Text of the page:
I just started using Git alongside Mercurial to familiarize myself with Git.

I use the mq extension in Mercurial extensively to manage local patches, and I'm looking for a Git equivalent.

Should I just use Git branch? Or are there better ways to manage local patches that enable easily applying and removing the patches?



Disclaimer: I'm not an hg user, so I have read about hg but don't have much first hand experience of using it.

git provides several very powerful and flexible tools for managing branches in a 'patch queue' style so for many basic (and even some quite complex) use cases, native git is sufficiently powerful.

Typically, most projects keep a central stable master branch which only gains new commits and is never 'rewound' so commits in the master branch are fixed.

On top of this a maintainer (or a developer) may maintain one or more fluid branches of work-in-progress patches (i.e. commits) which are based on the stable branch.

Typical patch managing activities include:

rebasing the patch queue onto the lastest stable branch - use git rebase,

duplicating the patch queue onto an old maintentance branch - use git branch and git rebase,

reordering patches in the queue - use git rebase --interactive (aka git rebase -i) using a text editor to reorder the queue.

squashing patches - use git rebase -i with the squash directive

altering patches or patch commit messages - use git rebase -i (spot a theme?) with the edit directive.

Any activity that alters a patch in any way (i.e. its contents, description or parentage) will create a new commit with a new commit id for that patch. The fact that the old commits may be thrown away and replaced regularly before they are promoted to the stable master branch is the only thing that makes them a 'patch queue' rather than a branch, but this is a project convention rather than any physical difference in the data that makes up the commits. To git they are identical objects.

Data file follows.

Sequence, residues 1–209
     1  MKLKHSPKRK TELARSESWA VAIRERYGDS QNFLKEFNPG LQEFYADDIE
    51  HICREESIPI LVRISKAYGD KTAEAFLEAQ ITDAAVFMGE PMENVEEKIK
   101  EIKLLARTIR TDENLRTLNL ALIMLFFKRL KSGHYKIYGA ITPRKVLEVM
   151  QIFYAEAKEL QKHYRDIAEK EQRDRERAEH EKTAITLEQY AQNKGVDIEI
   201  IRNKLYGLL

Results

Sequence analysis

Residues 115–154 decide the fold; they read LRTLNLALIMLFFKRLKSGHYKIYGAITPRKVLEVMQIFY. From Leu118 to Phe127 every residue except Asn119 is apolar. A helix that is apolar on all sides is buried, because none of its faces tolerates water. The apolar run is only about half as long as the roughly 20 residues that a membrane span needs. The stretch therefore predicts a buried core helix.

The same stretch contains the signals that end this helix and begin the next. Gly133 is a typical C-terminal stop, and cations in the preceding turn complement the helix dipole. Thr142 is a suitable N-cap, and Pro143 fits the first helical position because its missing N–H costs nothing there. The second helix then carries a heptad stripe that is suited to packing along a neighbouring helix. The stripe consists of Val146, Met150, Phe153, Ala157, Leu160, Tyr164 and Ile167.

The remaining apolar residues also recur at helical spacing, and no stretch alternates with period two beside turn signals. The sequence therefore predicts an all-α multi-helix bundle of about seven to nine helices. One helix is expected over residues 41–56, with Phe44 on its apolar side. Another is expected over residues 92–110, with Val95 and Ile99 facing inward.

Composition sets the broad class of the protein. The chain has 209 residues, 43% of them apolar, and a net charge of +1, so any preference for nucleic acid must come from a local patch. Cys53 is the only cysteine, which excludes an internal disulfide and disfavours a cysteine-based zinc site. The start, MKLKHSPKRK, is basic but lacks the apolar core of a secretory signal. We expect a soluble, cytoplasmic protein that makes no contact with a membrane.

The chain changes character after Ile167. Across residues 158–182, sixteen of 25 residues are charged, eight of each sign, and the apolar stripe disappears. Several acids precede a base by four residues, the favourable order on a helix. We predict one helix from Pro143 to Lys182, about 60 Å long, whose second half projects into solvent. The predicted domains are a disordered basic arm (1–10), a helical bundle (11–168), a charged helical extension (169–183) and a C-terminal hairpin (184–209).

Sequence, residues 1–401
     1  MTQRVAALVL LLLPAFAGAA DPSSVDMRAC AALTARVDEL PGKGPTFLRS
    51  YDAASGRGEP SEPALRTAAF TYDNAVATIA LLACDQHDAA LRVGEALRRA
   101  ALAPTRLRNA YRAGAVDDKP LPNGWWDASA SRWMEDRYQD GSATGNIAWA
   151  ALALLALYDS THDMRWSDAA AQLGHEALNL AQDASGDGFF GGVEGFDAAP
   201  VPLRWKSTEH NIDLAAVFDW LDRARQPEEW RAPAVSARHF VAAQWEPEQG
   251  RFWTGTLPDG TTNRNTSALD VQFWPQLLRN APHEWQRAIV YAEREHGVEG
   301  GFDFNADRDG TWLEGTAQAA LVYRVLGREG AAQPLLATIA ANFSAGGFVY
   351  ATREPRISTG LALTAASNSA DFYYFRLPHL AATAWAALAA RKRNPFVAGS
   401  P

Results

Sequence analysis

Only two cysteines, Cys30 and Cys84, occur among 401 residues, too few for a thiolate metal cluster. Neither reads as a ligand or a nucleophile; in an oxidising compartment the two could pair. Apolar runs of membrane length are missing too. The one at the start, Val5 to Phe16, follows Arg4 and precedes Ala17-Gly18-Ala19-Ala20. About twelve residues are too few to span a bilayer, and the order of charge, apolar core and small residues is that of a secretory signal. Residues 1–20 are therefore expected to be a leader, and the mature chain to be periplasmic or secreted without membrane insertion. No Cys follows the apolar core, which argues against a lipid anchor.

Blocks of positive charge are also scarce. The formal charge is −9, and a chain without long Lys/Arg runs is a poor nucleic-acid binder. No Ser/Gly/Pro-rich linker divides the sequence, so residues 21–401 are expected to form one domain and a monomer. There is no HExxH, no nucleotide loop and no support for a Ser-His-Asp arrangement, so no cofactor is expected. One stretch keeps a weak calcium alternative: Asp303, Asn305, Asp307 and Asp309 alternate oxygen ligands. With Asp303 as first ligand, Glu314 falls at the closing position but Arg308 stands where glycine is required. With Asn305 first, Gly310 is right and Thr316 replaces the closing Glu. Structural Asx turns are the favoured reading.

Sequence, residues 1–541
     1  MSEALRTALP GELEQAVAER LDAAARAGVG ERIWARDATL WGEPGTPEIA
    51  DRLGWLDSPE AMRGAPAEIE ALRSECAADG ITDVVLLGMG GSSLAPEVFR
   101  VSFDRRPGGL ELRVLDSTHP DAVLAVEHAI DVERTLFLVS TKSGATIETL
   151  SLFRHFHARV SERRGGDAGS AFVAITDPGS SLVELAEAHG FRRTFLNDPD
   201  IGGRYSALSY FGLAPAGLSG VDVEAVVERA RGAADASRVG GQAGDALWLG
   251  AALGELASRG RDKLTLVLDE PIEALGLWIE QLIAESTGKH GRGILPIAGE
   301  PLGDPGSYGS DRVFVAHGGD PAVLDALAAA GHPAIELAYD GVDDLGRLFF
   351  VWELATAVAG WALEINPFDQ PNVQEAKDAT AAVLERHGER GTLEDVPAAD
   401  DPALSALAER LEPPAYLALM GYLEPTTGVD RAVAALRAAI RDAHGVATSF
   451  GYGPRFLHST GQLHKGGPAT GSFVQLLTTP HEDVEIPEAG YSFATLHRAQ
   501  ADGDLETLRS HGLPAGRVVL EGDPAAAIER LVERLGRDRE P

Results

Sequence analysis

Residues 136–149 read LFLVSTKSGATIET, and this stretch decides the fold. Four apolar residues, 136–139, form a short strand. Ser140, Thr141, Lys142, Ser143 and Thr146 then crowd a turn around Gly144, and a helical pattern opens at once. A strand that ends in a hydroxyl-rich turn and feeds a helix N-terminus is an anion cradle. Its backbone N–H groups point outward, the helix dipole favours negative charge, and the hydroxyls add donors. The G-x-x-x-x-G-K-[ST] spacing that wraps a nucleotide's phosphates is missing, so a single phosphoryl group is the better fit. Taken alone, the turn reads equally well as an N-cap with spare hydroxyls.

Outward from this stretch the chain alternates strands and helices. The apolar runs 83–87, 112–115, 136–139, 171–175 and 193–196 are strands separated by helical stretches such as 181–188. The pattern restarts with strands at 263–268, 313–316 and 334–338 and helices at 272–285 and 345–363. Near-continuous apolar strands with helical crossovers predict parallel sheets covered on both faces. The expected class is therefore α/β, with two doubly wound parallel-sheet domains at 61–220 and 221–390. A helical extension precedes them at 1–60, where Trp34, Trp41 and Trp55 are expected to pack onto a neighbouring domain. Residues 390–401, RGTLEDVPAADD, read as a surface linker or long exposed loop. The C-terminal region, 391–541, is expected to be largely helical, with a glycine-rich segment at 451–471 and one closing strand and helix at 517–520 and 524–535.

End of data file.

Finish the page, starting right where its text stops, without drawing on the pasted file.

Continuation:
To promote a patch to a 'real' commit is just moving the patch to the front of the queue and merging it into the master branch. After moving the patch to the front of the queue, it is just the same as a normal commit based on the master branch, so merging it just fast-forwards the master branch pointer to point at the patch commit.

Publishing this commit as a 'stable' master patch is the act that says: this is now a commit that will not change and is part of the immutable history of the project.

  • 1
    I generally use Mercurial, but this is probably the best description of the rational behind git branches I've seen. Thanks! :)
    – rpjohnst
    Apr 26 '11 at 20:19
  • 2
    One feature of Mercurial Queues that I use extensively in one project is to "export" them by just copying the .hg/patches directory. Being able to store and manage the patches externally from the repo is crucial. Admittedly this usage is highly unusual, but does git have anything that provides similar functionality?
    – Paul Moore
    Feb 1 '14 at 14:49
  • 1
    @PaulMoore Just do a git format-patch on the patches you want exported, possibly even saving them to an mbox file if you want, so you can do a git am on it to apply all of them at once simply.